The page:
Olivier Hernandez, director of operations for the Observatoire du Mont-Mégantic and iREx coordinator, will start a new position as the director of the Planetarium Rio Tinto Alcan as of May 1st, 2018. M Hernandez had an important role at iREx, an institute for which he strongly contributed to create in 2014.
After completing an engineering degree at École centrale de Marseille, M. Hernandez did a master degree in astrophysics at Université de Montréal and a PhD at Université de Montréal and Université de Provence. M. Hernandez is a specialist in the study of galaxies. He studied the dynamic of stars and gas in barred spiral galaxies during his PhD. He also developed strong expertise in astronomical instrumentation for galaxy and exoplanet observations. He was the coordinator of SPIRou and NIRPS projects, two instruments for major observatories in Hawaii and Chile that aim to detect small planets around small stars. Last but not least, he was in charge of NIRISS, the Canadian instrument on-board the James Webb Space Telescope.
M. Hernandez has been devoted for many years in education and scientific communication. He appears in many radio and TV shows, and regularly gives conferences and presentations, many of which for schools. Since 2013, he also taught an introduction to astronomy lecture at Université de Montréal. He is committed to make science accessible to everyone and is involved in many projects to foster diversity in astronomy, including the creation in 2017 of the diversity committee of iREx.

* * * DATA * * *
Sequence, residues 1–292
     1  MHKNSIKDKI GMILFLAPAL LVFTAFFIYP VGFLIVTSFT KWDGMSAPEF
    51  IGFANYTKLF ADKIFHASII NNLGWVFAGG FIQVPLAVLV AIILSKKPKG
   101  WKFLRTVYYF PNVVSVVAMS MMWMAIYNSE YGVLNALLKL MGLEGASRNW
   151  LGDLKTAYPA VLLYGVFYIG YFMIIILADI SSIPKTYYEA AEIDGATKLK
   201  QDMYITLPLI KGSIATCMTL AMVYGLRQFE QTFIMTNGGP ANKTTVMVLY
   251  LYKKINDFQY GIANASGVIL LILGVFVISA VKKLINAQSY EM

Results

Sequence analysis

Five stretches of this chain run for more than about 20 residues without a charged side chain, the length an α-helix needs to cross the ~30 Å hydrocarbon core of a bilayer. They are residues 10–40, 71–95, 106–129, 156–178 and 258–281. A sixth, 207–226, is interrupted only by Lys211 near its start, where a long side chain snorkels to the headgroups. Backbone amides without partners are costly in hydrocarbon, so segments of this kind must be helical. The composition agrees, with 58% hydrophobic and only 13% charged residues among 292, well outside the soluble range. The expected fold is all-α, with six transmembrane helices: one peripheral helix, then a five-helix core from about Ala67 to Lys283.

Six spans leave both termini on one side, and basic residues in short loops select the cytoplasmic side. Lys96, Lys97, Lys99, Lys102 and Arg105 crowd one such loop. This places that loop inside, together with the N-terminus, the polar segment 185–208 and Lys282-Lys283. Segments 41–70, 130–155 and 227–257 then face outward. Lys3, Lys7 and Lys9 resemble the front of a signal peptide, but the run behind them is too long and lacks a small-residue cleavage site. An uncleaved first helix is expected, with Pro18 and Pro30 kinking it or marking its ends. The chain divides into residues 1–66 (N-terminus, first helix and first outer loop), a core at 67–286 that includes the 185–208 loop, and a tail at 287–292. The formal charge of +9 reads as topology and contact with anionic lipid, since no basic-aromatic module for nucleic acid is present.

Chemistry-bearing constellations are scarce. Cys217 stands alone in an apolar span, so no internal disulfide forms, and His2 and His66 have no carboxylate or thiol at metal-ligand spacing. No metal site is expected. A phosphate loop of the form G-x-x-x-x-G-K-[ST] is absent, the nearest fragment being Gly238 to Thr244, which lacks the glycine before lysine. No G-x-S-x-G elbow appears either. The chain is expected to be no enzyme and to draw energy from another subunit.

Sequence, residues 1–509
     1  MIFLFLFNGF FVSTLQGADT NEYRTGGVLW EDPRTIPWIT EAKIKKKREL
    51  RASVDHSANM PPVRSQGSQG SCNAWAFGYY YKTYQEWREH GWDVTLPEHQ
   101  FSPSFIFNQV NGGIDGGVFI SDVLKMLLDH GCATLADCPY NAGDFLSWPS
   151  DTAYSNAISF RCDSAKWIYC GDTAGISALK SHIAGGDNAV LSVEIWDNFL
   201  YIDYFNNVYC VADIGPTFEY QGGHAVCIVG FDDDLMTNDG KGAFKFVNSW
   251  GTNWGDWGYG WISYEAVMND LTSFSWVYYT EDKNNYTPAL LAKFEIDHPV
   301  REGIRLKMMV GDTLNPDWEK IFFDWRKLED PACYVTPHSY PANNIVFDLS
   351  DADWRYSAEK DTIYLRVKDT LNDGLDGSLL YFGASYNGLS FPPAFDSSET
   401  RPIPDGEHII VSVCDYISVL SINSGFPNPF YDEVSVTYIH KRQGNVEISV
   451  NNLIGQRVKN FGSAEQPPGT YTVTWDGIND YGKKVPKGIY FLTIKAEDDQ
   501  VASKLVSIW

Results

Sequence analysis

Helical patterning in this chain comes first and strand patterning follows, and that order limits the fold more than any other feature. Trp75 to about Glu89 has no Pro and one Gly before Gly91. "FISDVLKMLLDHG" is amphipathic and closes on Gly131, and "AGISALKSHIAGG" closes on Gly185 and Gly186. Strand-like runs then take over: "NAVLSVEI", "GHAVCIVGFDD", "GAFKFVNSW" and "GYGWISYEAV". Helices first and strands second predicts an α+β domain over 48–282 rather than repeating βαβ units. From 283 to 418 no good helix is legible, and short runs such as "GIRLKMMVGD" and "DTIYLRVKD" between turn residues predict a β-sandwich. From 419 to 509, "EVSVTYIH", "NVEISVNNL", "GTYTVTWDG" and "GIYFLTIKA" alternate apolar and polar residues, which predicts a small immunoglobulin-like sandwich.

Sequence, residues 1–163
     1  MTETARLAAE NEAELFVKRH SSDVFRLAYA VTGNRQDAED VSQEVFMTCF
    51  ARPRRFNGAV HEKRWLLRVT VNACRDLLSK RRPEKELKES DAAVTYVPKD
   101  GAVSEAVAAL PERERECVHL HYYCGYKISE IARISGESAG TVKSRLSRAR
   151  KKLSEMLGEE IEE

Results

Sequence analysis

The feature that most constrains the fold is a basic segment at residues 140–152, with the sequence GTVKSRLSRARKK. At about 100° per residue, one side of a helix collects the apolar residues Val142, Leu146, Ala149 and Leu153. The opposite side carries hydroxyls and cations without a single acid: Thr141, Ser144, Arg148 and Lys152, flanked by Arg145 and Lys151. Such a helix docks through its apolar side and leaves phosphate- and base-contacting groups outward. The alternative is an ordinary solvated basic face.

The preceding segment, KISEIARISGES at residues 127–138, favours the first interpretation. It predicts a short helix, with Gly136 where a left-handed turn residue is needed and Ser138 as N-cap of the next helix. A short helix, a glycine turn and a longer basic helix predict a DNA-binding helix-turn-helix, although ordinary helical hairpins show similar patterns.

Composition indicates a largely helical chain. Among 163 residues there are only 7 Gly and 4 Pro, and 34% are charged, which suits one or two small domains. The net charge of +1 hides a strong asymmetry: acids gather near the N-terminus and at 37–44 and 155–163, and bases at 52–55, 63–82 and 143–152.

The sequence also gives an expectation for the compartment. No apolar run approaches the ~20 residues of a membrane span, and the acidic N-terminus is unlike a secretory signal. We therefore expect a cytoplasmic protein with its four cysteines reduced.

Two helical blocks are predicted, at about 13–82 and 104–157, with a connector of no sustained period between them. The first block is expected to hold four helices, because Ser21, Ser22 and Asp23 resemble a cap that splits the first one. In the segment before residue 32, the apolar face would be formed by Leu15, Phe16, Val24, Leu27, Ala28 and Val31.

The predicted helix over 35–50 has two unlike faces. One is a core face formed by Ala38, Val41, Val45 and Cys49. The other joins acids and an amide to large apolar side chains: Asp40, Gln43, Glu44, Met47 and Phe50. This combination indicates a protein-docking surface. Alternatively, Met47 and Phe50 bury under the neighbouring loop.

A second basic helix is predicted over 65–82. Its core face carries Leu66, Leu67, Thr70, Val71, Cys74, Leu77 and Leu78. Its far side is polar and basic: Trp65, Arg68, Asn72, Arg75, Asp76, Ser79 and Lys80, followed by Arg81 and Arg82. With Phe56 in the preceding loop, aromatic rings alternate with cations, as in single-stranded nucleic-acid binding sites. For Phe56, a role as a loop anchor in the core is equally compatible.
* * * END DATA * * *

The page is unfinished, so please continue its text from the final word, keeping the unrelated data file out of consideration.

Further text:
An accomplished triathlete in Université de Montréal’s club and a great actor with the troupe Histrion, M. Hernandez is involved in his community, organizing many activities such as the races Foulée des parcs d’Outremont.
iREx researchers are really grateful for M. Hernandez’s great contributions to the institute and more generally to research in astronomy. They are confident this new position will allow him to make the Universe more accessible to the general public and are really excited about the opportunities tof collaboration with the Planetarium.